Do you need a special macaron silicone mat to make perfect macarons? My review with the difference between a mat and parchment for baking and how to use mats best.
Note: this post is not sponsored.
Can You Bake Macarons on Silicone?
For all the macarons I’ve churned out over the years, I only ever needed good quality parchment paper to make macarons successfully. I had never before used a silicone macaron mat. So when I saw them in specialised baking shops and advertised online, I figured they make your macarons even easier to bake and turn out perfect, right?
So I bought a macaron silicone mat to experiment and help you decide if it’s worth buying one or not.
I could indeed bake macarons on silicone but the findings were interesting while making salted caramel macarons.
This post is not referring to a flat silicone Silpat mat, but a special macaron mat with raised, pre-defined circles.
Macaron Mat with Raised Edges
This was a Mastrad raised circle macaron silicone mat.
Although it’s referred to as a “small” macaron baking sheet, it’s rather a large mat (42cm x 33cm; 17″x13″) and so the small is referring to the size of macarons, not the macaron mat itself.
In America this may be an extra small size, but in France this is the normal size found in the pâtisseries in Paris.
The mat produces 56 shells for 28 macarons.
Silicon Macaron Mat vs Parchment
Number of macarons per tray: it was great to see so many macarons condensed onto one tray. Look at how many I managed to pipe out above on the mat compared with the usual free-hand piping on baking paper.
So if you want to make large batches, then pick a macaron mat that has a lot on one sheet.
Size of mat: the mat, however, was slightly too big for my already large flat baking sheet. The result was that the batter moved and produced some oval macarons which were not so pretty.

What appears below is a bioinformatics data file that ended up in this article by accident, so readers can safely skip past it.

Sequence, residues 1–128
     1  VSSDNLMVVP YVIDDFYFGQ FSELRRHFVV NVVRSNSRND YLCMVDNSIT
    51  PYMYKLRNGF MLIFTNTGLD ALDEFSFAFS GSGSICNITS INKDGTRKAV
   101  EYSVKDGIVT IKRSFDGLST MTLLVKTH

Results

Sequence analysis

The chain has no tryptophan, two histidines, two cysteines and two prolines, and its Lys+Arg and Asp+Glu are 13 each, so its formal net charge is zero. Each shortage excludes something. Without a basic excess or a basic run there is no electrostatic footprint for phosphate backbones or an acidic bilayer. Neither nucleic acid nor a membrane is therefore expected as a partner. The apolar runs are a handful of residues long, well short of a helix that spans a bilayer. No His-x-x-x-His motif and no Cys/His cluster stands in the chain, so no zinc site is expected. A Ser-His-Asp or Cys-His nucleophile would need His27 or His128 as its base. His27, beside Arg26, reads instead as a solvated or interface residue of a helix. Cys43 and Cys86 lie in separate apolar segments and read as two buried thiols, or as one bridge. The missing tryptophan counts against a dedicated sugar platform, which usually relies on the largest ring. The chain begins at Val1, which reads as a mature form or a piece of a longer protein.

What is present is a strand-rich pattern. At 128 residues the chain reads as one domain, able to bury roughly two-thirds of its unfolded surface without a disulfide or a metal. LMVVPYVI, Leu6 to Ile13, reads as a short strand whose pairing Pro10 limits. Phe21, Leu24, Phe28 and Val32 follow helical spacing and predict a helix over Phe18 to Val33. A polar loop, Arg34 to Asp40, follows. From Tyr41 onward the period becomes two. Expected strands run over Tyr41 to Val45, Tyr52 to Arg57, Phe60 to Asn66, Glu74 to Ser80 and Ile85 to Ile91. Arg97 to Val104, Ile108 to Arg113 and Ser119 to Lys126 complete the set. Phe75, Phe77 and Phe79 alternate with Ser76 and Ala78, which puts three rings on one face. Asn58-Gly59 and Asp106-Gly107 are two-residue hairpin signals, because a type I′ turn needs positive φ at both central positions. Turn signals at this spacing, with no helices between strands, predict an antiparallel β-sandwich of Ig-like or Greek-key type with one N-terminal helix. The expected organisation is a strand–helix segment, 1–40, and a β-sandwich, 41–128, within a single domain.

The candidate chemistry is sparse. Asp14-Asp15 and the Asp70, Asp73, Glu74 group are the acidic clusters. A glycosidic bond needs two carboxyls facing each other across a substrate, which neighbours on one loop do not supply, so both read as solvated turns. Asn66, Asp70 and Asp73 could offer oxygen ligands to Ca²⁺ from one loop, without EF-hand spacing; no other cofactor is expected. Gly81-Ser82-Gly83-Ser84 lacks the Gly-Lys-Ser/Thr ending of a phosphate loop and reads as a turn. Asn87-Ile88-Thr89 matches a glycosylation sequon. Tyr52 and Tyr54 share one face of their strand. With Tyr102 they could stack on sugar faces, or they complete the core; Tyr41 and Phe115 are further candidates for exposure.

I would, therefore, recommend that you use a strong flat baking sheet – large enough to fully support the mat, such as an aluminium 18x14cm baking sheet without any lipped edges.
Piping Batter on to a Macaron Silicone Mat with Raised Circles
Piping on the mat’s circles. Notice that my macarons are not quite round. Why? Well, although it may look easy, I had to pipe the batter right into the middle of the raised rounds.
By the time the batter spread out a little (as they normally do), some of my piping wasn’t directly in the centre. I’m so used to piping quickly free-hand on parchment without a template guide.
The paradox is you need to be really good at piping to get it bang on in the centre of each mat’s circle every time.
So leave enough space between the piped circle and the raised circle of the mat as they spread out.
With mats they need more baking time.
Baking the macarons using the silicone macaron mat took an extra 4-5 minutes compared to the ones baked on baking parchment.
Macaron Feet using the Silicone Macaron Mat
In general, the end result was satisfactory for many that were piped correctly in the centre but there were too many rejects. I was equally disappointed with the macarons’ ruffled ‘feet’. With the macaron silicone mat, they were much flatter than I normally achieve by piping directly onto good quality baking parchment/paper.
Many macarons also stuck to the mat:
- Those that were perfectly small inside the raised circles had a shiny surface underneath but with smaller ruffled feet;
- Others that came over the raised circles had bigger but protruding feet and were damaged on taking them off the mat. They also came off slightly concave.
Don’t compensate by oiling the mat either – that defeats the purpose of silicone – and that’s criteria for failure.
Personally, I find it too time consuming to relearn how to pipe the batter into the centre of the silicone rounds on the mat – although I’m not stopping you from trying this if you are a beginner.
What to do With Reject Macarons?